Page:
Can kids celebrate Valentine’s Day?

Can kids celebrate Valentine's Day?

Can kids celebrate Valentine’s Day?


Can kids celebrate Valentine's Day?

Can kids celebrate Valentine’s Day? “I’m going to teach [my daughter] Valentine’s Day is like you show love to others every other day,” says one mom, “except that some people choose to show love on this day by exchanging gifts. (Photo: Getty Creative)

Valentine’s Day means something different to everyone, but most would agree that the holiday is traditionally used to celebrate romantic love.

Still, with pink and red hearts and bright candy boxes covering stores across the globe, it’s no surprise that kids are hungry for fun in preparation for the day. But is Valentine’s Day something for kids to celebrate?

Is the holiday season of hearts and flowers cute and harmless? Or, are some V-Day celebrations objective and inappropriate?

Christine Michel Carter, a single mother and author from Baltimore, Maryland, said that instead of focusing on romance, she saw Valentine’s Day as an opportunity to teach her children about love and respect, and to debunk gender roles.

“I believe it’s important to teach my kids how to treat people they care about,” shared Michelle Carter, “and not just from a romantic standpoint.”

To that end, Michelle Carter developed her own version of the holiday to celebrate with her children: “Valentine’s Day”. On “Valentine’s Day,” Michelle Carter treats her kids to a fancy restaurant, which she describes as a fun way to teach them etiquette and behavior in fancy venues. She also stressed to her children that these experiences are not limited to romantic partners of the opposite sex.

“I want to debunk gender roles and show my kids that a woman can pay for a good meal,” she said. “As the mother of a straight son and a non-binary pansexual tween girl, this is especially important to me.”

With a little planning, Valentine’s Day can be a sweet celebration for all ages, says Pareen Sehat, clinical consultant at Well Beings Counseling in Vancouver, Canada.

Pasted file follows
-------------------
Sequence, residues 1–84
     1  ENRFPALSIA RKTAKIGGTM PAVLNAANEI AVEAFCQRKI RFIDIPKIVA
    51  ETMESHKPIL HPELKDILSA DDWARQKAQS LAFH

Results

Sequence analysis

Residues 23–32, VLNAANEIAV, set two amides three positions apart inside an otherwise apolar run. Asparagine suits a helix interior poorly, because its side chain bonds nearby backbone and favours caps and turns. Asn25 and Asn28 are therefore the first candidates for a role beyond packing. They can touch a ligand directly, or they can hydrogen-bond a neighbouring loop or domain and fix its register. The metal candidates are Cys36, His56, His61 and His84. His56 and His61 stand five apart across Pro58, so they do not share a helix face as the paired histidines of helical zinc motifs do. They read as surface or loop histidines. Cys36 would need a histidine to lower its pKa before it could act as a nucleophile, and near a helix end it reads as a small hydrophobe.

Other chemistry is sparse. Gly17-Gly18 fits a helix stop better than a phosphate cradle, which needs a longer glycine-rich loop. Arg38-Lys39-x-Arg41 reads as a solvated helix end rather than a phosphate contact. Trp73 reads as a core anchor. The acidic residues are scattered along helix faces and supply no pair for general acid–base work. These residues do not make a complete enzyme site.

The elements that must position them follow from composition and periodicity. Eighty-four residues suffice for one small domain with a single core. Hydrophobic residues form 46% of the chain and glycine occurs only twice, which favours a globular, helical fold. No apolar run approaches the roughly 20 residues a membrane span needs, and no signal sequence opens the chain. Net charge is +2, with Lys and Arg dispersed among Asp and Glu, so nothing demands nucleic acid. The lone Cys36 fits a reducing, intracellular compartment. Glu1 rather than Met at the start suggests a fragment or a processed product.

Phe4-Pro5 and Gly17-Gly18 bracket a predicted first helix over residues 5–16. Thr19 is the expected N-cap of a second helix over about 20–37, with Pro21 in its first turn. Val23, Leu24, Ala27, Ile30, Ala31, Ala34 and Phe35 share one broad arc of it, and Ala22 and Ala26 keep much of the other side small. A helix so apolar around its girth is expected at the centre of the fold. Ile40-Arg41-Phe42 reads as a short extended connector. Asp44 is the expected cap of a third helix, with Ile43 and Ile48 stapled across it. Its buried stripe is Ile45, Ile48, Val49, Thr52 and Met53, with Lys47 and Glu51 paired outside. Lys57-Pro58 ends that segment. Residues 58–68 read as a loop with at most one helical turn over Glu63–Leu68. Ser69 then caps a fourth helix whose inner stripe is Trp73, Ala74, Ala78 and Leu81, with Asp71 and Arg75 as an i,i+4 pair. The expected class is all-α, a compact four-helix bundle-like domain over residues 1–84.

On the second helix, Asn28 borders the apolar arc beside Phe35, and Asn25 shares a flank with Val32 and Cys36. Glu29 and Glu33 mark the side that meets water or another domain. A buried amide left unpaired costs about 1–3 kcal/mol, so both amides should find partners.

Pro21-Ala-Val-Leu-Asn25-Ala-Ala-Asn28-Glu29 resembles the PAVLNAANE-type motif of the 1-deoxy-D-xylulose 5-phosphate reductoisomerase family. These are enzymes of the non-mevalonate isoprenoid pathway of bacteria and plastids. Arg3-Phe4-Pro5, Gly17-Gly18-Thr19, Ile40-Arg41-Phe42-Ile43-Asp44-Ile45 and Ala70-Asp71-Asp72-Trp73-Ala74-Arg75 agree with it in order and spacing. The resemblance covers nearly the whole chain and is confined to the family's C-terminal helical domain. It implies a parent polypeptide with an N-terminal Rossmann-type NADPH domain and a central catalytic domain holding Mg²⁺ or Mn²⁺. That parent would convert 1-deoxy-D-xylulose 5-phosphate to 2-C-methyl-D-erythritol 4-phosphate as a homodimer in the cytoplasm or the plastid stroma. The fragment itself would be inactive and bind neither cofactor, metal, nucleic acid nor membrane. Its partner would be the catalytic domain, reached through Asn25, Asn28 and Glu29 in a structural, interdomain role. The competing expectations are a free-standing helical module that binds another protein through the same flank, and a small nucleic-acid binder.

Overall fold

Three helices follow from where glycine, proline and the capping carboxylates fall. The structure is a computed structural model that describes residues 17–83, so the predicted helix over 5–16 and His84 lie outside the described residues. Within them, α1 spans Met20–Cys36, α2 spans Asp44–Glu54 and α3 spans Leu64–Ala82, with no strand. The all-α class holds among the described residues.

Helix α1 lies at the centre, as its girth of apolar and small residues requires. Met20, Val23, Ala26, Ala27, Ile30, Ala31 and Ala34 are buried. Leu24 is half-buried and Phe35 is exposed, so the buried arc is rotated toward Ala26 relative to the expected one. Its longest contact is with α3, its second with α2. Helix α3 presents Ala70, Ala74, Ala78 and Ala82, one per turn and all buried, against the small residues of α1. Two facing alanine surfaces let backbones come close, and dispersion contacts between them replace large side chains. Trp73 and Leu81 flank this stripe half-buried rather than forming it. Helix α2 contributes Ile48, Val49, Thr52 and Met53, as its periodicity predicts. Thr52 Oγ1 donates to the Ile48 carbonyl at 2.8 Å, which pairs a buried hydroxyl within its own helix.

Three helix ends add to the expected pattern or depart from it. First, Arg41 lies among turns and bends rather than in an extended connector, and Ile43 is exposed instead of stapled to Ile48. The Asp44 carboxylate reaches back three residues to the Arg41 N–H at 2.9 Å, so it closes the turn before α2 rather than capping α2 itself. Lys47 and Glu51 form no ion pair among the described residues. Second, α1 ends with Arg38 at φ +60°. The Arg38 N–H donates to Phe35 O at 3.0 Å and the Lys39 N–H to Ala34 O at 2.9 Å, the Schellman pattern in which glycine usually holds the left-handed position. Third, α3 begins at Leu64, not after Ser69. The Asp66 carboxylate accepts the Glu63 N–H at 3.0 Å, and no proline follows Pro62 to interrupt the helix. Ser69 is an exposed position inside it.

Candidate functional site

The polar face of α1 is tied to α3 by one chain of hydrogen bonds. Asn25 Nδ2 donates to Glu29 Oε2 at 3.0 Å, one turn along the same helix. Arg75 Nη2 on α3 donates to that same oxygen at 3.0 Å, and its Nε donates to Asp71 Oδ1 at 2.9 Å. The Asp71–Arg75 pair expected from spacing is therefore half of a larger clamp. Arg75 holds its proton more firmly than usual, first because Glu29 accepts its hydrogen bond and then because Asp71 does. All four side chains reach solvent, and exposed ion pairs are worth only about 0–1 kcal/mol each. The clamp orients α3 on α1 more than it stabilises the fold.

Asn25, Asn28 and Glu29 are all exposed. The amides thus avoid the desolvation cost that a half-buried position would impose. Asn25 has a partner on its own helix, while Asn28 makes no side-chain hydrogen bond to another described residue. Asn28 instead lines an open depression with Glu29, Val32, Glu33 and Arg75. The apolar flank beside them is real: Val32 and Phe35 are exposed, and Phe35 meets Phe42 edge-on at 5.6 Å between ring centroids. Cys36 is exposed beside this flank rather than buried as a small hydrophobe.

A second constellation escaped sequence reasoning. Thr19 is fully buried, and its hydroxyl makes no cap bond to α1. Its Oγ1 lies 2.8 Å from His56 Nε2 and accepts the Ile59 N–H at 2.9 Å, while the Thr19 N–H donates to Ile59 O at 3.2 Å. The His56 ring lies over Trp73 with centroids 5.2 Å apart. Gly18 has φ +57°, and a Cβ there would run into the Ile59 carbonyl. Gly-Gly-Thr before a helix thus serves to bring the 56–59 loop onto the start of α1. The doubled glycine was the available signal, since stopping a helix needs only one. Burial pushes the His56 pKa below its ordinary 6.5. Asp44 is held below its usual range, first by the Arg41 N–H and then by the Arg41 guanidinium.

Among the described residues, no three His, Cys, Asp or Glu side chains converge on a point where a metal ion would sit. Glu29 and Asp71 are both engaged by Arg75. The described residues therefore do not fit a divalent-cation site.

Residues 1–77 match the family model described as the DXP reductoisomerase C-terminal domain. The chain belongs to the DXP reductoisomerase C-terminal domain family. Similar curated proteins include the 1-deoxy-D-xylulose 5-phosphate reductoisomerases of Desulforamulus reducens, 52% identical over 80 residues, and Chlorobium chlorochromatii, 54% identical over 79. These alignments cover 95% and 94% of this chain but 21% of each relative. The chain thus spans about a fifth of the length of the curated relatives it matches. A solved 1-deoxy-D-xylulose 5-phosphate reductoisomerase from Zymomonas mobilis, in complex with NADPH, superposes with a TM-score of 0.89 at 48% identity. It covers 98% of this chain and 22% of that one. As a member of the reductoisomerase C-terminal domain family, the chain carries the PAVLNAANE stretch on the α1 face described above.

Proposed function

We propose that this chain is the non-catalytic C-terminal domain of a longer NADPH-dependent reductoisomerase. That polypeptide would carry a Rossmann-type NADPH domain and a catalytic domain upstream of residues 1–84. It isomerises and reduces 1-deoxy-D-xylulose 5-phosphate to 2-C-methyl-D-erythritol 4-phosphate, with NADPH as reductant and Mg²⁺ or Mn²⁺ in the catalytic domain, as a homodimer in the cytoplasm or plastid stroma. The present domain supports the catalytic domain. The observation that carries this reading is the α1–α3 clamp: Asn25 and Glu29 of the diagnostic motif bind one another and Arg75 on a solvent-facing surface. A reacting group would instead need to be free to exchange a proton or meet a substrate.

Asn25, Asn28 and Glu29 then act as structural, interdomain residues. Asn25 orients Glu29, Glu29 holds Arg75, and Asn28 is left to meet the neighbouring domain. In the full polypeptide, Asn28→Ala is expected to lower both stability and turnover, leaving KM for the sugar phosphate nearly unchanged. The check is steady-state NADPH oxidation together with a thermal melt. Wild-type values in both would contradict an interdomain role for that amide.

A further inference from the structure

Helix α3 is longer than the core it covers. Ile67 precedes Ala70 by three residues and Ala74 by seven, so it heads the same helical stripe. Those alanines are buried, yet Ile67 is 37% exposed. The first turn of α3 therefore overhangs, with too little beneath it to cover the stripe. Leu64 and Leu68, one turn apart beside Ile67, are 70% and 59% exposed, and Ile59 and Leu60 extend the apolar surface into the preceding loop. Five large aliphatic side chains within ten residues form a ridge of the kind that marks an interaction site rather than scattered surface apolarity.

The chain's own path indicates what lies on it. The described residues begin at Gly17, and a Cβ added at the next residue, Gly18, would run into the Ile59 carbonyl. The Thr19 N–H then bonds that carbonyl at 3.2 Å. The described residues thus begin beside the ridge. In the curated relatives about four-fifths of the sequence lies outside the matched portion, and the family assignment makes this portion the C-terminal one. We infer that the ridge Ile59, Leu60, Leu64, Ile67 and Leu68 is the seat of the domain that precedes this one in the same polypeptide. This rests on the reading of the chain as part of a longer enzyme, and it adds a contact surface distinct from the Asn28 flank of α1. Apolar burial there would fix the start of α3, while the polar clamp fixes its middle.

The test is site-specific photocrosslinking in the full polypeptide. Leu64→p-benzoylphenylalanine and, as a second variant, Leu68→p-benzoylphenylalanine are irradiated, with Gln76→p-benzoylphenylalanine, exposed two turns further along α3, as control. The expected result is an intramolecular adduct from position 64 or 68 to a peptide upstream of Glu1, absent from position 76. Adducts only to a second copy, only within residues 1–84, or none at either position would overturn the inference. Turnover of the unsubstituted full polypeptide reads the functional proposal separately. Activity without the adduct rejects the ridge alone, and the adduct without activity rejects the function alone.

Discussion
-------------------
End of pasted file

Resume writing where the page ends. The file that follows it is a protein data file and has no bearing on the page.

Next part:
“Whether these people are seniors or teenagers, this day should be celebrated,” Sehat told Yahoo Life. “This holiday is totally fine because it’s a celebration of love. Valentine’s Day is an all-encompassing day that doesn’t discriminate between a partner’s gender.”

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Abby Anoff lives in the UK and blogs about parenting at Kin Unplugged. Anoff said that while her children, a 3-year-old daughter and a 6-month-old son, may still be young, she has planned how to share Valentine’s Day with them as they grow up.

“I for mine [daughter] celebrate [Valentine’s Day] Because at her age, I can control the narrative,” Arnoff said. “This year, I’m going to tell her that Valentine’s Day is about showing love to others, just like you do every other day, except some people choose to exchange Gifts symbolize that love on this day. “

From a young age, Arnoff said, she showed her daughter and son that Valentine’s Day represented all kinds of love. “It’s important that they know that this display of love is not based solely on gender or romance,” she explained.

But while parents and experts agree that Valentine’s Day can be harmless fun or even an opportunity to teach kids something new, many aren’t thrilled with the day’s stereotypes and expectations due to places like the kids’ clothing zone or Candy aisle.

“I believe that stereotypes like ‘female killer’ and ‘heartbreak’ add negative connotations to an eventful day,” Sehat said. “In a patriarchal society, these terms can damage an individual’s perspective because every time a girl says ‘no,’ they feel their ego is in danger.”

Elizabeth Hicks, a mother of two and co-founder of Parenting Nerd, said that while she supports children celebrating the holidays, she agrees it’s time for some gender-specific stereotypes to end. She finds that having open, honest, and age-appropriate conversations is a great way to dispel these negative tropes.

“Having any kind of conversation with your child is a challenge in itself, especially one that revolves around love, sex and consent,” Hicks said. “The best way is to be direct and use your own life experience to set an example.”

Sehat agrees. “Every parent should have an age-appropriate conversation with their child about boundaries, consent and romantic love,” she said.

While changing the way you celebrate Valentine’s Day at home may seem like a lot of preparation for the day, Hicks reminds parents that the day is a small holiday that draws attention to the bigger picture: romance and platonic love Valentine’s Day celebrations are an important part of our human experience and should be talked about with children no matter what day of the year it is.

“Dating is a major aspect of our lives that everyone has to go through once in their lifetime,” Hicks said. “Valentine’s Day is an important celebration of love, and I believe everyone should be involved in it.”

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